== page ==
The Residential Landlords Association has hit back at Shelter’s claims that so-called “revenge” evictions are on the rise, the latest exchange in the long-running feud between the housing and homelessness charity and the private rented sector.
The RLA has described Shelter’s campaign as “irresponsible scaremongering,” which misleads tenants with “highly questionable statistics.”
Citing the most recent English Housing Survey (2012/13), the RLA claim that just 7% of tenants who had moved the last three years were forced to do so because their landlord or agent asked them to leave. This was a 2% fall from the previous year.
Shelter reported recently that over 60,000 families were threatened with eviction in the past year because they complained to their landlords about poor conditions in their home. But according to research by the RLA, which represents 20,000 landlords, the vast majority of these evictions happen for legitimate reasons, such as wanting to sell or move into the property, non-payment of rent, or needing to perform extensive work.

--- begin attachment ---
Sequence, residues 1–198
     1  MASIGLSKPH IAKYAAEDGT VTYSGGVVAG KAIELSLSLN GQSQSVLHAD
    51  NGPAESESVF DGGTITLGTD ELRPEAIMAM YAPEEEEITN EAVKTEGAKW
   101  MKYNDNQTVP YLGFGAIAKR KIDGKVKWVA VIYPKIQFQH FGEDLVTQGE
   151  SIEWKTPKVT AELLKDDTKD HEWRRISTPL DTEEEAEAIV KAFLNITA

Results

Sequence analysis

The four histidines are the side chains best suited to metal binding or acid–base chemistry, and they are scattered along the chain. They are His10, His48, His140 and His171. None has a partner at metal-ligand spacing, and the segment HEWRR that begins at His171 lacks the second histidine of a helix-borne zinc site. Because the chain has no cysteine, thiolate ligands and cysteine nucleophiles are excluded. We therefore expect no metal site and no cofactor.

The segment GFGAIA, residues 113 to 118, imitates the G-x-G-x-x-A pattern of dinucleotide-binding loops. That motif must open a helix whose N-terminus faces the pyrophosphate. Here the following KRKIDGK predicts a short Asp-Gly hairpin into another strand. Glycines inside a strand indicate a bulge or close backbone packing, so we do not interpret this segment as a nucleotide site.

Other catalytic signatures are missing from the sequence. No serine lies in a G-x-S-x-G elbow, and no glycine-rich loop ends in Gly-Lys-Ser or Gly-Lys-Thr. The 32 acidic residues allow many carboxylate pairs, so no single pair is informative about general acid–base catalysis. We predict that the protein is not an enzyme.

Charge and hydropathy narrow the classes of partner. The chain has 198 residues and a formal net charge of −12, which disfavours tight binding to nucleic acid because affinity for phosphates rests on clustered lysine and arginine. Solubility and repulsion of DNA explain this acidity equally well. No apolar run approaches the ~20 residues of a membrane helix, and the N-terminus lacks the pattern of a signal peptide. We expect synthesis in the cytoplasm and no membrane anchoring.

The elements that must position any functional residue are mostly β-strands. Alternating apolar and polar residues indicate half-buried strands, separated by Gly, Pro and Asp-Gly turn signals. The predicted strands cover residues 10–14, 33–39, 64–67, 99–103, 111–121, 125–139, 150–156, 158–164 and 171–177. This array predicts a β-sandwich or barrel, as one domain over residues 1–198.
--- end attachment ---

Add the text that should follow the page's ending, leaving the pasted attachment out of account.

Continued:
Further, the RLA warns that should Shelter have their way and landlords’ rights to regain possession are restricted, confidence in the private rented sector would be damaged. This could, ironically, result in more homelessness due to a fall in supply at a time of high demand.